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Earthquake? Sonic boom? Seneca guns? Nope, just Smith Avenue

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By Stacey Manning, Managing Editor

My office is violently shaking while I write this. 

If I weren’t so accustomed to it, I may worry it were an earthquake. 

If I weren’t so used to it, I may wonder if some jet just left a sonic boom in its wake.

If I weren’t so familiar with my monitor shaking while I read and write, I might be more interested in trying to find out exactly what the Seneca guns are and why they fire so frequently in Brunswick County.

But really, I know the motion of my desk and all things on it can be explained—it’s construction on Smith Avenue.

Still.

It never ends.

When the project began in July 2009, my first concern was just how close the new expanded lanes were going to come to my office window. The Beacon had to root up its sign and some trees to make way for the changes. I frequently craned my neck to look out and make sure there was still a parking lot buffer between the soon-to-be-busier thoroughfare and my desk.

I really wasn’t interested in having a drive-through news delivery service here at work.

In the now almost two years this project has been under way, I’ve watched it progress right here from my seat. I’ve seen a lot of changes, albeit very, very slow ones.

I was tickled one afternoon when a sudden rainstorm caught workers by surprise and they took shelter inside a large concrete pipe until it passed. But most feelings about the project have been those of frustration, not amusement.

I’ve seen people drive past the office on new, unmarked pavement—not actual lanes—to get to the doctor’s office next door.

I’ve watched workers wave their hands around, sending traffic this way and that while flashing their “slow” and “stop” signs.

I had a worker yell at me and slam his hat against a sign one afternoon because I let a patient driver pull out from the post office in front of me in traffic.

“I direct traffic here, not you!” he bellowed.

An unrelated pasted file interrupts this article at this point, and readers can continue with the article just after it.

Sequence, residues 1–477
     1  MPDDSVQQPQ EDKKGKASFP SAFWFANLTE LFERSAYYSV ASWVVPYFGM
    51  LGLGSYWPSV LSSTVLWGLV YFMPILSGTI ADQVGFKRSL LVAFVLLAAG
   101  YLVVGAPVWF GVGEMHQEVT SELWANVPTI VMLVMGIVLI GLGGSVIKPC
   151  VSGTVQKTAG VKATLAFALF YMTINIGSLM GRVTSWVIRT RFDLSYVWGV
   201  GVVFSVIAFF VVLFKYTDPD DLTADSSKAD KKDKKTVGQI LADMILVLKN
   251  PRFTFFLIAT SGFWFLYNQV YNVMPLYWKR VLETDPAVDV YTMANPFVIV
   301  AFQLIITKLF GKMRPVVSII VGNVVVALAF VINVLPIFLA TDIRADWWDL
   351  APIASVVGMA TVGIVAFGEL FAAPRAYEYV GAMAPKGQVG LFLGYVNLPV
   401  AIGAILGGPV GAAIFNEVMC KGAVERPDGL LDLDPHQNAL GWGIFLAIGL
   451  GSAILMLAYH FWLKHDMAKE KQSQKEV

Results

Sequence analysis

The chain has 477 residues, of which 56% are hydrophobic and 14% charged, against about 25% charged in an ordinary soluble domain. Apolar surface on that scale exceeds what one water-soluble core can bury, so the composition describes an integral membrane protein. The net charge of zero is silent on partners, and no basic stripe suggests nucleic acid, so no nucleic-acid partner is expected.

So much for being nice; somehow I managed to keep all my fingers wrapped around the steering wheel.

My car has vibrated over uneven pavement and rocky roads; and I’ve cussed more times than I care to count at the light at the corner of Smith Avenue and Main Street that never seems to change—even at midnight when I’m the only car on the road.

The Smith Avenue extension is such a headache, I finally opted to take a longer route to work just so I don’t have to come down Main Street and wade through the mess.

I’ve learned to use back routes through White Street and other roads to get just a few blocks downtown.

I’m tired of it and so are a lot of Brunswick Countians.

Last week’s story in the Beacon indicated the project isn’t expected to be completely finished until May 31. If, by chance, it actually gets finished at all.

Apparently those leading the project have never been in downtown Shallotte at any time between Easter and Labor Day. Even when traffic is flowing “normally” it’s at a standstill during the tourist season. 

Everybody wants to get to the superstore. They’re going to be some angry visitors when they have to maneuver the orange barrels and stopped traffic to get there this season.

If Shallotte had more sidewalks, it may just be better to walk. We’d all get where we are going much faster.

Until then, I’ll keep on working—vibrating desk and shaking keyboard—and hope some day, it will all be done.